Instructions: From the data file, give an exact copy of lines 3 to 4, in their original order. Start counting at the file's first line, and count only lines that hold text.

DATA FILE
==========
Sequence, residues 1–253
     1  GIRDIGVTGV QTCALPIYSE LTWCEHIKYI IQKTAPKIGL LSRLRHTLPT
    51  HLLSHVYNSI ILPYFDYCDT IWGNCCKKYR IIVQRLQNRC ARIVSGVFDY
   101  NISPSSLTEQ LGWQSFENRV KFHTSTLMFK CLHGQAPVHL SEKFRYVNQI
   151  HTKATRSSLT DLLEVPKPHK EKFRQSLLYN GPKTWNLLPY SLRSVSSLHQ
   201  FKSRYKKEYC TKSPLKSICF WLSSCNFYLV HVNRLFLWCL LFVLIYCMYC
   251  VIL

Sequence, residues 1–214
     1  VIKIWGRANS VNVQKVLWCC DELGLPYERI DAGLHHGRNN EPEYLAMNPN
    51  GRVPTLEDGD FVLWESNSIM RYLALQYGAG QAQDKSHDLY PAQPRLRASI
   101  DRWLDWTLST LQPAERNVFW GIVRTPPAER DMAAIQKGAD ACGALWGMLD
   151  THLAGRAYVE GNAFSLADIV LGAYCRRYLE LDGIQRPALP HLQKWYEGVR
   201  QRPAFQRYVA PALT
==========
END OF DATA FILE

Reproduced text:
    51  HLLSHVYNSI ILPYFDYCDT IWGNCCKKYR IIVQRLQNRC ARIVSGVFDY
   101  NISPSSLTEQ LGWQSFENRV KFHTSTLMFK CLHGQAPVHL SEKFRYVNQI